Back in 1977, one of the Christmas gifts that I most looked forward to opening was the Science Fair SFX-4000 Aeronautical Lab Kit from Radio Shack. I'd been flying for all of six months at the time and the idea of digging deeper into the science of aeronautics was oddly appealing to a kid who dreaded the idea of a science fair when he was in grade school. Understandably the rockets were the stars of the show in my estimation, but the fact that it also came with a balsa airplane that could be built to fly also intrigued me. What I got was a bit less than what I was accustomed to. I'd been building nothing but Estes kits to that point in time, and the instructions for the rocket in the kit were sparse compared to Estes more detailed instructions. I was also puzzled by the decals, which seemed to me to need to be applied before the fins were attached, and in leiu of paint. In the end, construction lagged, and I never finished the rocket to the level that I wanted to. And it never got flown. Fast forward, more or less, to 2013. I found another Aeronautical Lab kit on Ebay that had the parts I needed to redeem myself and the rocket, which I christened, quite logically, the Logix Explorer.
Being that the 2013 kit was incomplete, I had to scramble a bit during construction. The first problem turned out to be with the brittle plastic of the 40 year old nose cone. It pretty much crumbled to the touch along the bottom edge of the cone in one spot. I didn't lose any of the pieces, and they were all of sufficient size to piece back together, which I did with the help of gel CA. The fix wasn't perfect. The builder didn't care.
Missing parts in the set were the nose cone base, engine block and a launch lug. I had an actual engine block that I'd bought in bulk from Semroc that fit perfectly in the body tube and inside the nose cone. One of the blocks became the nose cone base. I dabbed some epoxy into the nose cone and wedged the block in, then filled the center hole with scrap balsa, which was also epoxied in place, along with a small screw eye. The result wasn't pretty, but it was functional. I tied a length of Kevlar to the other centering ring, then put white glue inside the rear of the body tube and used an expended 18mm motor casing to slide it in to the appropriate depth, making sure to pull it out before the glue could catch. I was well on my way.
Fins were printed on one of the balsa sheets that also had parts for the balsa airplane. They looked like they had a strange tab at the top of the fin where it attached to the body tube, but the minimal illustrations in the instructions didn't show a tab in that place, so I just went with the actual tracing. The fins were sanded together to match, then glued and filleted in place using Elmer's Carpenter's Wood Glue. When the fins were dry, the only remaining step was to tie a piece of 1/8" sewing elastic to the end of the Kevlar and attach it to the screw eye with a snap swivel. For better or worse, the Explorer was flightworthy.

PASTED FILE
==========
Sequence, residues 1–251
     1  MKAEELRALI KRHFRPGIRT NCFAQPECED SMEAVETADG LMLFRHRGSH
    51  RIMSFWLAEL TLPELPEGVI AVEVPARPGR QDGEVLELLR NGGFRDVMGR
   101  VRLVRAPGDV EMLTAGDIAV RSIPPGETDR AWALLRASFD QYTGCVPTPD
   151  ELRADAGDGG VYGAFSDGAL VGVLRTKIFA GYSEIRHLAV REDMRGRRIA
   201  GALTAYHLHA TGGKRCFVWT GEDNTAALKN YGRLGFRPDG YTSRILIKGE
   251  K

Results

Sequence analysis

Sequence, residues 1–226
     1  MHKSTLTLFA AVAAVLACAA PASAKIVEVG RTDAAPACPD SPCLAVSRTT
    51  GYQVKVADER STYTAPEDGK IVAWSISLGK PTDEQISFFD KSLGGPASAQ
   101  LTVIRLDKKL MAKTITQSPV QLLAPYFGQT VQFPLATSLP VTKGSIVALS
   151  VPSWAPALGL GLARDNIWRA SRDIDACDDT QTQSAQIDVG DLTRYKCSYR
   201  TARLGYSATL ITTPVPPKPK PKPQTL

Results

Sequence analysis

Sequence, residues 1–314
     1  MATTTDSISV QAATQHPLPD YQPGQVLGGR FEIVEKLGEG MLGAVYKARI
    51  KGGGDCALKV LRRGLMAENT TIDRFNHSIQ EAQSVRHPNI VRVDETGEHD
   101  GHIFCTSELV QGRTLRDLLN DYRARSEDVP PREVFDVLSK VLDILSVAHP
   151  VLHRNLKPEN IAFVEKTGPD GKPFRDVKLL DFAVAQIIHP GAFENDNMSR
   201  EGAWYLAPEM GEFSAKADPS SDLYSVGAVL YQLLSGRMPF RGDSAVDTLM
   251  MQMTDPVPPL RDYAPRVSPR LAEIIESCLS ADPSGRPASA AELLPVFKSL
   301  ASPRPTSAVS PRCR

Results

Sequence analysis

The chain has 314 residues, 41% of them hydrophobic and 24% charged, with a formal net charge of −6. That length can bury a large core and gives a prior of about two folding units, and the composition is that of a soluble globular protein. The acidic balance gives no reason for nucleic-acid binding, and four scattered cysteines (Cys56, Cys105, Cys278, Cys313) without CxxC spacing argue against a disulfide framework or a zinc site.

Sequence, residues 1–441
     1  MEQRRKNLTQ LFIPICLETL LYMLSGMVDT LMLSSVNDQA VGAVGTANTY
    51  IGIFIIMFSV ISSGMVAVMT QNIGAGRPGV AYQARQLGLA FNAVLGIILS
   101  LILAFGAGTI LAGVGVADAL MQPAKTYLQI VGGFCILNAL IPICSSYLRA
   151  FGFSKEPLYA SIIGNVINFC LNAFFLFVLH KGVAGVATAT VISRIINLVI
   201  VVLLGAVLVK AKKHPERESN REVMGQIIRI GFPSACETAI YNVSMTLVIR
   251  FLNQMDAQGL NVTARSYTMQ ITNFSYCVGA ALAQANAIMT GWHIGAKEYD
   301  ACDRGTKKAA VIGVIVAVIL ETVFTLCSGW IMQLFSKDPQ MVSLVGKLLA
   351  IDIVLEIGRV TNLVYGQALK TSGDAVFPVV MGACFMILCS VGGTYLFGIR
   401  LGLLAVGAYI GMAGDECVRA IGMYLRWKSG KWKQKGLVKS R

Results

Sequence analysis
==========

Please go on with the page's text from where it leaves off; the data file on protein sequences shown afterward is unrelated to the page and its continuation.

The body tubes for this rocket were pretty primitive, and when construction was done the whole rocket was sprayed with a coat of Valspar primer, then slathered with a thick coating of Elmer's Carpenter's Wood Filler. It took an additional coat of primer and another slopping of CWF to get the tubes looking "rocket-like" and ready for paint and decals. With little to actually go on other than artist's renderings, I decided to go with a gloss white body, metallic red nose cone and Midnight Black Metallic fins. The 40 year old adhesive on the sticker decals felt a bit lazy, and the lower roll patterns were indeed meant to be applied before the fins, so in the end I decided to scan the stickers and print them out on inkjet decal paper. The end result isn't perfect, but distinct and flyable, which is all I was really after.
Thirty six years after receiving the Aeronautical kit for Christmas, I finally managed to fly the rocket that I'd been so pumped about. The flight didn't turn out quite like I'd hoped, but it ended up okay. First flight would fittingly be at B6-4 Field, which, had all things gone as planned, would have been where I flew it in 1978, and three days past Christmas, which also coincides with when I might have flown it in 1978. The initial flight would be on an A8-3, which on a minimum diameter rocket is more than enough. (Although 16 year old me might have thought the field was big enough to try a C6-5. It wasn't, and isn't.) The flight topped out around 300', more than enough for a field the size of B6-4 Field. The ejection charge happened just before it tipped over, but the engine fired out the back and failed to completely deploy the streamer. The whole mess plummeted back to the field and core-sampled, but other than some dirt in the end of the tube, there was no damage.
Almost eight years passed before flight #2, which coincides with the amount of time it took to decide on a paint and decal scheme. It would fly at a WSR launch in Dayton and would happen on a day when I flew a bunch of rockets on B6-6 motors, and the Explorer would be one of them. The flight was dead straight throughout the boost, then began drifting away from the pads, eventually landing on the soccer fields behind us. The flight approached 800' and, as can be imagined, was just a dot in the sky at that point. I can't imagine how high a C6-5 would take it, and chances are I won't.
Pros: Obscurity. Chances are good that if you have one you won't see another at a launch.
Cons: As model rockets go, it's very primitive, very much like a homemade bird. Sticker decals.